Our obsession with food
Food is always a great topic, because it affects everyone very personally. The discussions in the media are endless. Media strives on the subject of food, because it’s polarizing and inexhaustible. Whether it’s fats, sugars, lactose, gluten, the vegetarian diet, the vegan diet, the paleo diet… we will never hear the end of it. It helps to think about food and how you treat your body, of course, and it’s smart to be knowledgeable about nutrition. Yet at the same time the information can be overwhelming. What we’re sometimes left with is confusion and a feeling of guilt. Am I really eating healthy? Should I be checking myself for gluten intolerance?
For many their diet is a means to identify themselves. Having special requirements due to lactose or gluten intolerance can make them feel special or provide a valve for other issues, not realizing that a change in diet can lead to severe malnutrition or worse. A person claiming to suffer from gluten intolerance might very well be suffering from orthorexia nervosa – a distinct eating disorder characterized by an excessive preoccupation with what’s perceived as healthy food. Yes, that exists, too.
Ego- versus task-orientation
So how do you judge your own view in regards to nutrition? I want to provide some inspiration how to think about food and nutrition in the first place. In sports and performance psychology we have a differentiation between „ego-orientation“ and „task-orientation“. Essentially it boils down to this: Am I doing something because of what it says about me or am I doing something because I enjoy the activity? You might be playing football, because of the attention you get as a quarterback, or you might simply enjoy the movements and athleticism of the sport. Similarly this principle can be applied to nutrition. Do you feel the need to change your diet, because of what it says about you as a person or do you feel the need to change your diet, because your body is telling you to adjust your eating behavior?
The dietary discussions going on in the media sometimes trigger the fear of missing out. Since it’s such a huge topic, should I also review my diet? With seemingly everyone around me going on a juice cleanse, should I be doing a juice cleanse, too? The first step to mental health is finding a reassurance in what your own beliefs and convictions are. Regardless of the latest dietary trends, do you feel healthy and fit in your body? How does what you eat make you feel?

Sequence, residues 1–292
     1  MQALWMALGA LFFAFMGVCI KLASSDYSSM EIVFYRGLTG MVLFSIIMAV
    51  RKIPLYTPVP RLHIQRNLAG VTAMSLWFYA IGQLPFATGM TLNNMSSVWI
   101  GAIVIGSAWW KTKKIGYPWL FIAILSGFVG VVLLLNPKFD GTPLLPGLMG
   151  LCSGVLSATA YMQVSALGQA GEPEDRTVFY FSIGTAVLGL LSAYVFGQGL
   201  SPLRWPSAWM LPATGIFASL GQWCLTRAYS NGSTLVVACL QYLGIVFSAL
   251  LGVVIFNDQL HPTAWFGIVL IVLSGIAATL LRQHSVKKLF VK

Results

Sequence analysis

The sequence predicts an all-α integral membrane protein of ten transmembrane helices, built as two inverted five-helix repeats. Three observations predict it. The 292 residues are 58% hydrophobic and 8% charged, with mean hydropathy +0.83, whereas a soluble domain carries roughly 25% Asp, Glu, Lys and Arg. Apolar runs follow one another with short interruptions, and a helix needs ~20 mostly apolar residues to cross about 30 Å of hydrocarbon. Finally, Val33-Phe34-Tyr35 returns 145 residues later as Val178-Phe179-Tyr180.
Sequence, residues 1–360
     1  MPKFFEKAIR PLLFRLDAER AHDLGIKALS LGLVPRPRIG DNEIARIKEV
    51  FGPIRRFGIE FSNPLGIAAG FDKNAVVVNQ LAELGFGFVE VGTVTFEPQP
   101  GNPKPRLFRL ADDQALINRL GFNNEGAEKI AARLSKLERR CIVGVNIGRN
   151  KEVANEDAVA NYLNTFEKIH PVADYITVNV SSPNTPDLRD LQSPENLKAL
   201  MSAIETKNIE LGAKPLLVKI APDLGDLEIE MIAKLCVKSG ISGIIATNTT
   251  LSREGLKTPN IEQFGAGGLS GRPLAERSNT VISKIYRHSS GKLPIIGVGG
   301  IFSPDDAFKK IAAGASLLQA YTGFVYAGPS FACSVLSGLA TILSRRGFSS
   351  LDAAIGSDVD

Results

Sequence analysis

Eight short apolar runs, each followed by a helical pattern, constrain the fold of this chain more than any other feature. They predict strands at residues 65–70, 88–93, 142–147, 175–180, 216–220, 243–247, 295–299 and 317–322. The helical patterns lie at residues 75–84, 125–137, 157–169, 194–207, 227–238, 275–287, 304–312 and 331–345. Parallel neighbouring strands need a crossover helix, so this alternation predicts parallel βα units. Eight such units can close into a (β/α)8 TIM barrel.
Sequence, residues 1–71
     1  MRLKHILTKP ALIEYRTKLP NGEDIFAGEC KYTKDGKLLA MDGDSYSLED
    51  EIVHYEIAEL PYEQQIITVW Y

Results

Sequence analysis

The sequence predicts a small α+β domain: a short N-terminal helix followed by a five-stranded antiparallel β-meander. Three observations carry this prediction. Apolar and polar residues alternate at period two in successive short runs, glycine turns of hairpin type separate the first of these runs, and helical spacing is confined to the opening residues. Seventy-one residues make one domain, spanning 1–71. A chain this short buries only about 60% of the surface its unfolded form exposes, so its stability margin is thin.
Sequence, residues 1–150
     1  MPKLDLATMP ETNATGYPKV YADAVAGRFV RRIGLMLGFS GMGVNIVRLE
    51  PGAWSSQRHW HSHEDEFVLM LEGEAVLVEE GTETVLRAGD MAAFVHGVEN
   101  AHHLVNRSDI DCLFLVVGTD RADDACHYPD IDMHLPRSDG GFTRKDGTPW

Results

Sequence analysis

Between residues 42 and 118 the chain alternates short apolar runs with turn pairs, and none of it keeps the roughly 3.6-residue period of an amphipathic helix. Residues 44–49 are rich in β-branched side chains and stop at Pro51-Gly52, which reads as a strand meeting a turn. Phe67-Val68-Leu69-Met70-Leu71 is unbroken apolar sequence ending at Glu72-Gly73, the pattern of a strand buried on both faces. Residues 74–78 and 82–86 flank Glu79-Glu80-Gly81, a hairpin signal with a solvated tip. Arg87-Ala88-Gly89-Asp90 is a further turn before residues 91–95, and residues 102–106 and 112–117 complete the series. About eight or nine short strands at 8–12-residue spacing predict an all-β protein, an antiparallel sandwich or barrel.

In sports, athletes with high ego-orientation tend to experience higher stress and emotional instability when it comes to sports than athletes with high task-orientation. Task-orientation usually supports enjoyment, satisfaction and intrinsic motivation. With nutrition and health being such relative terms you can’t really win if you approach it with a general measuring stick. Everyone’s different. With an ego-orientation you can go through all the diets you like and impress friends and family, but it won’t say much about how healthy you actually are. As mentioned earlier, going on a gluten-free diet might get you attention at the restaurant, but it can actually be unhealthy for your body. Yet, if your are genuinely interested in the foods you eat and how your body responds to them you are more likely to enjoy the process.
So start with yourself and evaluate nutrition from a task-oriented perspective. How much pleasure do I find in selecting and cooking food? What am I trying to achieve with my diet? What foods do I react to in which way? Of course, it helps to keep an eye out for trends as a means of inspiration as long as you don’t get caught up in them. Sometimes it’s smart to listen to friends and enjoy a juice cleanse. But before you switch to a gluten free diet, just because it’s a Hollywood trend, make sure to consult a nutritionist or physician. It’s important to start with yourself first and figure out your own physical and psychological starting point.
What’s your motivation?
When you notice that certain foods have a negative effect on you, it’s probably a good idea to adjust your diet. If you’re healthy and enjoy a balanced diet, don’t feel bad about having a piece of sugar-loaded cake on occasion just because sugar is getting a bad rap in the media. Rather than thinking about food as something that requires rules and restrictions, think of food as something that nurtures your body and your senses.
Clemens is one of the wonderful optimum-you guest experts.